Mariners right-hander Hisashi Iwakuma, who finished third in the Cy Young voting last season, is expected to miss 4-6 weeks with a finger injury sustained while working out at home last month.
Bob Dutton of the Tacoma News Tribune reports that Iwakuma suffered a strained tendon in the middle finger of his throwing hand. The good news is that it won’t require surgery. The bad news is that he’s at least three weeks from doing any throwing and his status for Opening Day–and perhaps much April–is very much in question.
Iwakuma was fantastic last season, throwing 220 innings with a 2.66 ERA and 185/42 K/BB ratio, and the Mariners have him under contract (cheaply) through 2015.
Japanese League commissioner Atsushi Saito announced that Japan’s professional baseball season will open on June 19. Teams can being practice games on June 2. There will be no fans. Indeed, the league has not yet even begun to seriously discuss a plan for fans to begin attending games, though that may happen eventually.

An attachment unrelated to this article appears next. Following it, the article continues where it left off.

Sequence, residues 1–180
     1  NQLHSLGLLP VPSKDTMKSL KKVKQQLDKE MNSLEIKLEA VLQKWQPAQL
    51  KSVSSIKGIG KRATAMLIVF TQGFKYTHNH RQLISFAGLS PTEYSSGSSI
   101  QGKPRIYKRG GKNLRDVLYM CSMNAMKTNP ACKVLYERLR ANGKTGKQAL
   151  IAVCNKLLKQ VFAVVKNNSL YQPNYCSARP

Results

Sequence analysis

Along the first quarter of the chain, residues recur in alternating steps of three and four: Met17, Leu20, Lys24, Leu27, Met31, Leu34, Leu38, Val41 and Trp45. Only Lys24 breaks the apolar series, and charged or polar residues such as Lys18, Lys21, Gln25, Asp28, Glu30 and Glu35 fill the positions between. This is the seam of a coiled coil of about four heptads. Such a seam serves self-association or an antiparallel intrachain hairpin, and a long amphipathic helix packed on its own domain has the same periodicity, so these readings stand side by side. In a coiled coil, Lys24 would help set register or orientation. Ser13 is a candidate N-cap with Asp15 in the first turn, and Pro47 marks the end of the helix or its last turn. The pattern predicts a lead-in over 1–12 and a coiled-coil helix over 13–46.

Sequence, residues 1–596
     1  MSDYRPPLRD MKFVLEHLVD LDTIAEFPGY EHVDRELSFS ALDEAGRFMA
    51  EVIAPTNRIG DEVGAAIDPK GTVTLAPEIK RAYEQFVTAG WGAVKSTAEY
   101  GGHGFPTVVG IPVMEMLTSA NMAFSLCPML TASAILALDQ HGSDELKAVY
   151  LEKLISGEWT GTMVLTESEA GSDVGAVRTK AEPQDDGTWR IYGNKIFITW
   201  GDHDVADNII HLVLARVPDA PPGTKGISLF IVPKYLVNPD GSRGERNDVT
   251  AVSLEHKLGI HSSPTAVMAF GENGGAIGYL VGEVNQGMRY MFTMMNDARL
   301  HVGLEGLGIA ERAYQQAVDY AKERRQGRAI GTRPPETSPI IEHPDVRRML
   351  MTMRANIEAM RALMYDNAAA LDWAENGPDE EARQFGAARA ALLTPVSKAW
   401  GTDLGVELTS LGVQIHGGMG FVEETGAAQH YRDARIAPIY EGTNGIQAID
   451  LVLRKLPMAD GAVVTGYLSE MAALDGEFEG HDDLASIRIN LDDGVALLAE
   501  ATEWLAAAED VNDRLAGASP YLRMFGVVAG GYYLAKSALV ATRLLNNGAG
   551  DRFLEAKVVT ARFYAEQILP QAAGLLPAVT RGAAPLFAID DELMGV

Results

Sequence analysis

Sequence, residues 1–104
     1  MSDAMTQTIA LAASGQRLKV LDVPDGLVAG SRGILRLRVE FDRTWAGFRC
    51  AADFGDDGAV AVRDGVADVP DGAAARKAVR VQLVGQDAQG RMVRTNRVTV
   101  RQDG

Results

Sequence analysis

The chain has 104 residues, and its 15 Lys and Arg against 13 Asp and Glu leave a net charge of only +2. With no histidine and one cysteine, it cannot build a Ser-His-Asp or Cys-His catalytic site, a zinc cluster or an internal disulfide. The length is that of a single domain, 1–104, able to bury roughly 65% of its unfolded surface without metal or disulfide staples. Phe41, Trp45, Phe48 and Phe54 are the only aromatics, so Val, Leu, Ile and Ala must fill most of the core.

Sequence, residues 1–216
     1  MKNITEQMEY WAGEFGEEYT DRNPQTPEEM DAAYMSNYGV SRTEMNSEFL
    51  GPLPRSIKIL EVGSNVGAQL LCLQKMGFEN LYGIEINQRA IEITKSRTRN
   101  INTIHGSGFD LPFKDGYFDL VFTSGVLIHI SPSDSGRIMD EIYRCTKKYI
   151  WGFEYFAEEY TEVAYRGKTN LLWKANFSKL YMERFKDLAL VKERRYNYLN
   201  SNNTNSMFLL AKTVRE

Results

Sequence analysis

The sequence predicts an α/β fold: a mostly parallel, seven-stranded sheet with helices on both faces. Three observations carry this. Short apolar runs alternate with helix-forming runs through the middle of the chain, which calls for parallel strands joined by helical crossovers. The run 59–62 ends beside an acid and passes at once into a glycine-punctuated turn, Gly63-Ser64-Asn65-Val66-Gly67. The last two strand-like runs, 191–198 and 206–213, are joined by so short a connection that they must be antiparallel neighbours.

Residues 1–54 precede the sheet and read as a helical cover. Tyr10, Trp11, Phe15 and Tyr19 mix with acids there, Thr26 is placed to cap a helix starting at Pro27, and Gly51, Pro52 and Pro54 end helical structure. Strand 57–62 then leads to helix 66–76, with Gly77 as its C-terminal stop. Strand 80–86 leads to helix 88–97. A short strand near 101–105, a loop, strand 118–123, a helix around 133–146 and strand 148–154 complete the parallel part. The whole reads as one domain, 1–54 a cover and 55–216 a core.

The season will begin three months after its originally scheduled opening day of March 20. It will be 120 games long. Teams in each six-team league — the Central League and Pacific League — will play 24 games against each league opponent. There will be no interleague play and no all-star game.
The announcement came in the wake of a national state of emergency being lifted for both Tokyo and the island of Hokkaido. The rest of the country emerged from the state of emergency earlier this month. This will allow the Japanese leagues to follow leagues in South Korea and Taiwan which have been playing for several weeks.
In the United States, Major League Baseball is hoping to resume spring training in mid June before launching a shortened regular season in early July. That plan is contingent on the league and the players’ union coming to an agreement on both financial arrangements and safety protocols for a 2020 season. Negotiations on both are ongoing. Major League Baseball will, reportedly, make a formal proposal about player compensation tomorrow.